When Heather Price was a child, she hoped to be either a nurse or someone who would catch bad guys for the FBI.
Price has always wanted to save the world in one way or another. She never became a nurse nor an FBI agent, but the Bluffton woman continues to help others any way she can.
After working as an EMT and paramedic with Jasper County Emergency Services Department, Price had just started taking classes at the University of South Carolina Beaufort when terrorists attacked the United States on 9/11.
Price didn’t hesitate to jump in and help. She was on the phone with a fire captain in New York City when he got word that a group of firefighters had been found alive at Ground Zero.
“I will never forget listening to the sound of a grown, tough New York firefighter sobbing and the entire firehouse screaming and cheering,” Price said. “The guy got back on the phone with me and said, ‘Yes, come up. … Bring your stethoscope because I hope you’ll need it.'”
Three days after planes struck the twin towers of the World Trade Center, Price was at Ground Zero with her stethoscope and bunker gear she had borrowed from a Hilton Head Island firefighter. Price spent a week working at the site.
Fast-forward to Jan. 8, 2013, when Price and her fiancé at the time entered their own personal hell. That morning, they awoke to find their six-week-old daughter, Vivienne, had died. They later learned she had died from sudden infant death syndrome (SIDS).
Yet even in the midst of tragedy, Price managed to make lemonade out of extremely sour lemons. A friend had come up with an idea to honor Vivienne. She started a “Paying it Forward for Vivienne” movement in which she encouraged people to perform random acts of kindness.
To get the word out, Price’s friend passed out business cards with a photo of Vivienne and information about SIDS. She gave Price 500 cards to distribute.
Price quickly ran out of the business cards and ordered more. She mailed them to thousands of people in the U.S., England and Australia. She started a “Paying it Forward for Vivienne” page on Facebook, where she asked people to perform acts of kindness and share their stories.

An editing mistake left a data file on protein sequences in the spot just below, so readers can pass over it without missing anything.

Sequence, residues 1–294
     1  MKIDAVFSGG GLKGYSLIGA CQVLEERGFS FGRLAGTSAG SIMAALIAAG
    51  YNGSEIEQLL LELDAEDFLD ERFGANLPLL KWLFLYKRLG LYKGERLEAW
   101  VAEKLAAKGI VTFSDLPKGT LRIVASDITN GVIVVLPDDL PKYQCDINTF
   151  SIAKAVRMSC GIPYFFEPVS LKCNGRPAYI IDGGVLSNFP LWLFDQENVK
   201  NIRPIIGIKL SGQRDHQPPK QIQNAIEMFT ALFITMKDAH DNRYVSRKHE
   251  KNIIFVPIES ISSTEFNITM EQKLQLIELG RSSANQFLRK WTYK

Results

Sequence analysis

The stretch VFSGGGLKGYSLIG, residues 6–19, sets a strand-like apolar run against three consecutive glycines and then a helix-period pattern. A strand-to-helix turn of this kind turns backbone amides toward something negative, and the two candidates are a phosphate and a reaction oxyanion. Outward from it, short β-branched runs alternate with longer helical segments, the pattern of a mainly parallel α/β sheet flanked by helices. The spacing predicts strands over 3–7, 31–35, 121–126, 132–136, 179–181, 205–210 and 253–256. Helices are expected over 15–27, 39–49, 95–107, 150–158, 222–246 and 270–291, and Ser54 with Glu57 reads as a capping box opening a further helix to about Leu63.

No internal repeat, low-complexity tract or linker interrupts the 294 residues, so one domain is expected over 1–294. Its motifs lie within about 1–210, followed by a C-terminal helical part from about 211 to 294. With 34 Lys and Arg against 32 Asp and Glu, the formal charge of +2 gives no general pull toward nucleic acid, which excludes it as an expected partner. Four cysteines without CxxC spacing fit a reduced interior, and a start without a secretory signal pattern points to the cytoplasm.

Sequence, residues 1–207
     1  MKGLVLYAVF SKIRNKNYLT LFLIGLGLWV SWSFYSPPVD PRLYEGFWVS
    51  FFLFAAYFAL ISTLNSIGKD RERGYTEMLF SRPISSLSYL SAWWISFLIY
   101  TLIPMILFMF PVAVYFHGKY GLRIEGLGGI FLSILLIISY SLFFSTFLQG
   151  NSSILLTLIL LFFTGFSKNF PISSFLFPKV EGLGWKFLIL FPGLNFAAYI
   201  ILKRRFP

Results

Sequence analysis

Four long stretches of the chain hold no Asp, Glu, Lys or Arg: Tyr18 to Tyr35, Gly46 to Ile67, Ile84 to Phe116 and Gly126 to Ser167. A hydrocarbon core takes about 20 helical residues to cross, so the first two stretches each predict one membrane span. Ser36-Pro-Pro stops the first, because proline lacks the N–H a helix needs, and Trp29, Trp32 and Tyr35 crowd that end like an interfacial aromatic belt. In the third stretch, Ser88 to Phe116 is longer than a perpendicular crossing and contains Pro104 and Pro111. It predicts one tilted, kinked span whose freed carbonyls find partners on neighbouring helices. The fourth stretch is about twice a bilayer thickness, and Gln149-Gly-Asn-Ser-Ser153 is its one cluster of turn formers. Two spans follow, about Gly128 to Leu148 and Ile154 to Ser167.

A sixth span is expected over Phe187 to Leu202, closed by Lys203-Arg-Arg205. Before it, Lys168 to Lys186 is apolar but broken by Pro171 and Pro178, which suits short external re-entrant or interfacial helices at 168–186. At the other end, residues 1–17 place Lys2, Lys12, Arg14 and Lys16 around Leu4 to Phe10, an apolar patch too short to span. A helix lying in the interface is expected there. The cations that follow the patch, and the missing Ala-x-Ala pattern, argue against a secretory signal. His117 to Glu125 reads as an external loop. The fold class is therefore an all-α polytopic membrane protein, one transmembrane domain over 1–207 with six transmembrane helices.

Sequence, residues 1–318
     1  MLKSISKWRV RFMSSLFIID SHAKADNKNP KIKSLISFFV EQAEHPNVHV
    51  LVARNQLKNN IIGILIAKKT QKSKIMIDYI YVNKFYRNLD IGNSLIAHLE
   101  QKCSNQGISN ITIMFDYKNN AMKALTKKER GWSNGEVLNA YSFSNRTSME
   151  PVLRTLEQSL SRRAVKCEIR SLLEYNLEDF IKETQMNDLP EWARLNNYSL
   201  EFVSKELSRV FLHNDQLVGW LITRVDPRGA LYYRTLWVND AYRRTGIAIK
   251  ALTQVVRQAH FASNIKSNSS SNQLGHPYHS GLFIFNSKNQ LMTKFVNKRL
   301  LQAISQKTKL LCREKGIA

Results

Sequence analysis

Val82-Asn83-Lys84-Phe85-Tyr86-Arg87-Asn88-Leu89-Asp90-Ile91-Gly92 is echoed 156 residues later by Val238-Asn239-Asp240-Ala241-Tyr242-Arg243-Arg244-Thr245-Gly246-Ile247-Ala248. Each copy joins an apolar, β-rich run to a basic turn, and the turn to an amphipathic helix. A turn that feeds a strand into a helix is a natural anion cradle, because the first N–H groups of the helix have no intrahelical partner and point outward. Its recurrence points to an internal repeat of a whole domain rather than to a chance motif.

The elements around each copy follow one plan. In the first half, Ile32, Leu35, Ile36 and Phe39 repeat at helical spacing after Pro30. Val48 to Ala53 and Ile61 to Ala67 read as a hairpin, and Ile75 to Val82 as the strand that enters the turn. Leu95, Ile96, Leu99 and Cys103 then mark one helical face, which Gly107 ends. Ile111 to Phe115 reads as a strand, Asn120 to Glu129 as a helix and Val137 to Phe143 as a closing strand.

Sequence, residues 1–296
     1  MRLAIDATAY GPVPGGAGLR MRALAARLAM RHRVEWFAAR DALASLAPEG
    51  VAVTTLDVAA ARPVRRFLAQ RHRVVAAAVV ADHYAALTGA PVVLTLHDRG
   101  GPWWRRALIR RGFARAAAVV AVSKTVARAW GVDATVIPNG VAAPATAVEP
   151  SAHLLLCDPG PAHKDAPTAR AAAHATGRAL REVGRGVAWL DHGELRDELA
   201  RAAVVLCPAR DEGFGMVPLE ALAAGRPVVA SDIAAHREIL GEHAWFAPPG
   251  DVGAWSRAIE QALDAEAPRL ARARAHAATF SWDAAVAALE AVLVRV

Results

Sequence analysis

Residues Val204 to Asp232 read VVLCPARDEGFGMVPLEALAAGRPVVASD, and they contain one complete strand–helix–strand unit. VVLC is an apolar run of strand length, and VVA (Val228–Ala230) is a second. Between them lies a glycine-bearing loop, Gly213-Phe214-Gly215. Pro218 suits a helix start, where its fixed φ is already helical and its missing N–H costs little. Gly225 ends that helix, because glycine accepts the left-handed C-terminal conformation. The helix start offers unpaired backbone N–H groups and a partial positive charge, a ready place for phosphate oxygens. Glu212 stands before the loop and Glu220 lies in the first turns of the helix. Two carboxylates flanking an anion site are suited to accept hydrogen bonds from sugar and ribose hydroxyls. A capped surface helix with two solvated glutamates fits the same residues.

She asked people to donate supplies to a local animal shelter, and school supplies and uniforms to local children. The movement was a way Price could both cope with the devastating loss of her daughter and honor her memory.
Two years later, Price found yet another way to help others, and it also involved Facebook. After witnessing a couple of people being teased on Facebook for asking questions, Price thought there should be a group specifically where people can ask any question about Bluffton or Hilton Head Island.
So in 2015, she started the Bluffton/Hilton Head Ask and Answer (original) group. She invited her friends, and they invited their friends.
At first, Price was the only one posting in the group, but slowly others joined in, asking questions about where to go out to eat or how to get rid of those nasty palmetto bugs. The group slowly became more and more popular.
When Hurricane Matthew hit the Lowcountry in October 2016, it became a lifeline for many.
People who had evacuated were able to connect with people like Price who had stayed home. Price and others checked on people’s homes and businesses for them before the evacuation orders were lifted. They rescued animals that were left behind and collected donations – and later that year, Christmas presents – for people who were out of work.
“I didn’t think about it because it was just the next thing,” Price said. “There was just so much need, and people were so confused about what was going on. So, I just figured out a way to break it down for people so it was more understandable.”
That’s the thing about Price. She doesn’t stop to think about whether or not to help someone – she just does it.
But Price won’t take credit for all the good deeds that happen in the Ask and Answer group. She said it’s the members who make a difference.
After the hurricane, someone suggested the idea of “Laundry for Linemen,” where volunteers would pick up, wash and return laundry to linemen working to restore power to the area.
“I got them pointed in the right direction, and then they took it over,” Price said. “The help during Hurricane Matthew showed the grace and strength of this community.”
Since then, the Ask and Answer group has benefited countless people in the community. People have reached out to Price for help dealing with drug addiction and domestic abuse, and she has referred them to the proper agencies.
More recently, one of the group’s moderators, Christy Smith, started a Masks 4 Heroes project to collect face masks for healthcare workers.
Price is a single mother to 5-year-old daughter Charlotte, and has an adult son with a family of his own. She also works two part-time jobs: She has a house cleaning and home organization company called Breathing Spaces. And she is the coordinator of New Paths, a program that works with female inmates and former inmates to reduce recidivism. She hopes that program will continue to grow and soon become a full-time job for her.
Despite all that is on her plate, Price still volunteers several hours a week running the group. During the week after Hurricane Matthew hit Hilton Head, she worked about 17 hours a day. As of June 24, the group had grown to 22,415 members. Thankfully, now she has five moderators helping with the group.
People aren’t always nice when they post in the group. Price said she has been yelled at, called names and slandered many times over the past five years. She tries her best to be fair and includes the moderators in difficult decisions.
“They are all rock stars,” Price said. “We have a great team, and I couldn’t do this without them.”
Amy Coyne Bredeson of Bluffton is a freelance writer, a mother of two and a volunteer with the Tuberous Sclerosis Alliance.